Department heads, city employees and volunteers featured in video address
BATTLE GROUND — Yesterday, Battle Ground Mayor Adrian Cortes shared the annual State of the City Address virtually through a sharp video presentation with some help from the team.
Public works, the police department, the city engineer, Battle Ground Rotary, and even students from Chief Umtuch Middle School contributed to the polished presentation that displayed accomplishments over the past year.
“In 2018, we asked you, what does the future hold for Battle Ground? How do you want your community to look and feel?” Cortes said. “Your answers resulted in the Community Vision & Strategic Action Plan. This plan now guides our work as a city. And with your support, we will continue to make progress.”
The mayor opened with an overview of preservation for the roads that connect the city. Cortes explained that in recent years, the city has allocated $300,000 for street preservation projects. Moving into this year, the city has tripled that budget to $900,000.
The city’s engineer, Ryan Jeynes explained that much of this new funding goes toward completely stripping and repaving roadways, as well as chip and crack filling in preparation for slurry sealing. The city will work from a multi-year plan that guides work and seeks to maximize cost effectiveness. Crews are slated to begin work this summer.
The mayor then transitioned to address the city’s increase in funding for its police department. An additional half a million dollars will be going to the agency this year, Cortes said. Three new police officers have been hired already, and a fourth will be hired soon with grant funding.
Julia MacPhee spoke as the new traffic officer for Battle Ground Police Department (BGPD)
“I’ll be focused on improving public safety with what I call the three E’s,” she said. “The first E is education: working with citizens to elevate understanding of the revised code of Washington regarding traffic laws. Next is engineering: working to identify areas of town that may statistically trend as challenging from a vehicle operator standpoint and advice on remedial actions. The final focus is enforcement: enforcing existing traffic laws in Battle Ground to protect our community.”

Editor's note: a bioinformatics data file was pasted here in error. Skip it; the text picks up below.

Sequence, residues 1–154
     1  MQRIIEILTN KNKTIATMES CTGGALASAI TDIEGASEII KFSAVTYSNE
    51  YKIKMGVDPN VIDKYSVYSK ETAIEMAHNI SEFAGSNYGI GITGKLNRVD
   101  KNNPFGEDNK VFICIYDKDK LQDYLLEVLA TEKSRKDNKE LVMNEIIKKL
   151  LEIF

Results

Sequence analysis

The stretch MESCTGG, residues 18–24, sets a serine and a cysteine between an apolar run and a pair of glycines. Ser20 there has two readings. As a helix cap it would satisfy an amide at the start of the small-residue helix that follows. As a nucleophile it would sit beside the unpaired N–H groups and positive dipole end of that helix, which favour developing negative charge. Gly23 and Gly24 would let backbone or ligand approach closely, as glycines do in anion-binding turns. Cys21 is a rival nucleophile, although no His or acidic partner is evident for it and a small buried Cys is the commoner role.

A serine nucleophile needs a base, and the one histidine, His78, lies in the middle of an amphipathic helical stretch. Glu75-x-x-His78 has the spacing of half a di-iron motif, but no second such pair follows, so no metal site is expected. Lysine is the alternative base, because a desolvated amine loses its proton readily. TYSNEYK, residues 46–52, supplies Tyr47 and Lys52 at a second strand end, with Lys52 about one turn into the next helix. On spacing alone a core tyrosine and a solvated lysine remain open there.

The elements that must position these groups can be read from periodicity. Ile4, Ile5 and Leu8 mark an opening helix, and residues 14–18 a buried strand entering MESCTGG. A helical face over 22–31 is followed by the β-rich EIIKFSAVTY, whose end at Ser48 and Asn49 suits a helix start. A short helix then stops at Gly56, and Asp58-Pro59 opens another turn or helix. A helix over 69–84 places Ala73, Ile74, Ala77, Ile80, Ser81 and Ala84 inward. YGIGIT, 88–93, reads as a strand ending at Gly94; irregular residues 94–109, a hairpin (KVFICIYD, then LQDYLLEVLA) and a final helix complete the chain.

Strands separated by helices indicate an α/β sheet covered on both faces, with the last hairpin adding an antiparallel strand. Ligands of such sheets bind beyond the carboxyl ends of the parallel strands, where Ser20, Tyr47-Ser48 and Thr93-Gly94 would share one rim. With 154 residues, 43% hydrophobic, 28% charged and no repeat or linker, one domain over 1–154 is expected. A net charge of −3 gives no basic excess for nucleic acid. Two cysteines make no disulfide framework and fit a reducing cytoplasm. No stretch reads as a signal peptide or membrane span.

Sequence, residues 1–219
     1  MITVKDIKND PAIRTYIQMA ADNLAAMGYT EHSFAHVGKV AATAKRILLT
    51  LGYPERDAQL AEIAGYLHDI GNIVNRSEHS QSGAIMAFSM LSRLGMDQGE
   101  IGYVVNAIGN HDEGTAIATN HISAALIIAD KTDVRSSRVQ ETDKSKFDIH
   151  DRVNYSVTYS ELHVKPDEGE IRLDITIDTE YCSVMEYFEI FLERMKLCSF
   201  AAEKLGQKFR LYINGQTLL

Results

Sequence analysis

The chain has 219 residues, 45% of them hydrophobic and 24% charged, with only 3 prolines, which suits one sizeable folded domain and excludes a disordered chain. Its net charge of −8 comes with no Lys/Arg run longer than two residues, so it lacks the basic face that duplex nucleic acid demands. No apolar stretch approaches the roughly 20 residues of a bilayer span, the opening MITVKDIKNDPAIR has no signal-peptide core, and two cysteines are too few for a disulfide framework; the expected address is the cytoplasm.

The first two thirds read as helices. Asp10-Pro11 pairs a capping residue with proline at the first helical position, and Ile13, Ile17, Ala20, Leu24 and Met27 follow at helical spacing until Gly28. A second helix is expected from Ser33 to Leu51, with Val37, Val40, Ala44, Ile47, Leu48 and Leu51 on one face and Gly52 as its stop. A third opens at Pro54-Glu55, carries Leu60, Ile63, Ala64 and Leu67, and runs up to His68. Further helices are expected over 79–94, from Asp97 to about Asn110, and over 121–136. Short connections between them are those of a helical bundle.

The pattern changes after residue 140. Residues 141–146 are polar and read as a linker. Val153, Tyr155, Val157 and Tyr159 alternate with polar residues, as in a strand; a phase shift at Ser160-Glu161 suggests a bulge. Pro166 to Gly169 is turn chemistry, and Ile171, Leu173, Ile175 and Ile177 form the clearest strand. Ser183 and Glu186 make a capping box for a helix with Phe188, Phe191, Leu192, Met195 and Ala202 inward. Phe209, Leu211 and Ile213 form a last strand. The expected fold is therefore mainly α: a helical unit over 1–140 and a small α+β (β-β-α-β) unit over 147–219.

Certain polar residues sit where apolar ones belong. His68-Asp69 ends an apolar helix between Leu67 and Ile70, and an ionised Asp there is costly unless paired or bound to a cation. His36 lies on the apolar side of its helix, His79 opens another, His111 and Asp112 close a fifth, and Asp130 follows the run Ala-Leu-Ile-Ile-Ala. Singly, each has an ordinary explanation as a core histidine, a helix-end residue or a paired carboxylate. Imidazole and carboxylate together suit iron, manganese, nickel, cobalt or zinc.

Cortes and officer Clint Fraser also took some time to introduce folks to the newest member of the BGPD: the lovable Charlie, their new K-9 unit.
Moving right along, the mayor explained that more than $80,000 will now be allocated to improve public areas, parks and street sides. This project will be undertaken by the city’s public works department, and also has connections with volunteers.
“To be cost effective we’re recruiting temporary crews who work alongside our regular crew over the next several months,” said Public Works Supervisor Todd Klein. “Our staff takes a lot of pride in the work they do. We’re excited to have additional resources to help with beautification efforts.”
Cortez explained that the city will be streamlining all code compliance, to allow for more expedient improvement to neighborhoods and the spaces that connect them.
“The places we live, connect with each other and raise our families will always be at the backbone of our city, and the livability of any neighborhood takes everyone’s effort,” Cortes said. “Our goal is to ensure all city codes are observed to safeguard the well being and quality of life in our neighborhoods.”
Expounding on that same mission, Cortes said the city has enjoyed partnering with organizations like the Battle Ground Rotary Club and students at Chief Umtuch Middle School. Both groups have done extensive work to improve Central Park, and get the word out about their respective goals.
The rotary spent many days with a small army of volunteers to improve the landscaping of the park, as well as install classic plaques and new park benches. Another group helped to install bike racks as well.
Middle schoolers, part of a group called the DREAM Team, also help with landscaping; planting red tulips to remind people to support Battle Ground youth and for youth to live drug-free lives.
“Benches all along East Main Street are being lovingly restored by members of the Battle Ground Rotary Club,” read a voice over during the address. “Two years ago, the club adopted East Main Street in Old Town as part of the city’s adopted street program. Their beautification efforts, including weeding and litter removal, have added to the welcoming nature of the whole town.”
At the conclusion of the address, Cortes reiterated a forward-thinking attitude. He explained that the city will be considering and receiving feedback on new park and outdoor recreation ideas to implement in the near future.
“Battle Ground residents and businesses, you’ve faced real challenges and hardships over the last year, and you’ve proven again the importance of a caring and connected community,” Cortes said. “I’m hopeful for our future and I’m so proud to call Battle Ground home. At the city we have a clear direction. We continue to rely on your participation and support as we work towards creating the future.”